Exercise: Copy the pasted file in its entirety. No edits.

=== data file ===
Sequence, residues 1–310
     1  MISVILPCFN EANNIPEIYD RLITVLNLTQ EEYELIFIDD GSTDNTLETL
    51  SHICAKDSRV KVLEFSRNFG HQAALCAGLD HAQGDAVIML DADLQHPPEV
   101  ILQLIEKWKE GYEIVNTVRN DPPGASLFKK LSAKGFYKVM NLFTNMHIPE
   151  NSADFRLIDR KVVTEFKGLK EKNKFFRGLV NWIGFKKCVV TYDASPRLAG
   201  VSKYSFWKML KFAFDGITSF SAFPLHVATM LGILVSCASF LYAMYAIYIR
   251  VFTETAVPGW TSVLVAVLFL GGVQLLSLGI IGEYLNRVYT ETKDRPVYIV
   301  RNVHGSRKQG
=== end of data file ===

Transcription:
Sequence, residues 1–310
     1  MISVILPCFN EANNIPEIYD RLITVLNLTQ EEYELIFIDD GSTDNTLETL
    51  SHICAKDSRV KVLEFSRNFG HQAALCAGLD HAQGDAVIML DADLQHPPEV
   101  ILQLIEKWKE GYEIVNTVRN DPPGASLFKK LSAKGFYKVM NLFTNMHIPE
   151  NSADFRLIDR KVVTEFKGLK EKNKFFRGLV NWIGFKKCVV TYDASPRLAG
   201  VSKYSFWKML KFAFDGITSF SAFPLHVATM LGILVSCASF LYAMYAIYIR
   251  VFTETAVPGW TSVLVAVLFL GGVQLLSLGI IGEYLNRVYT ETKDRPVYIV
   301  RNVHGSRKQG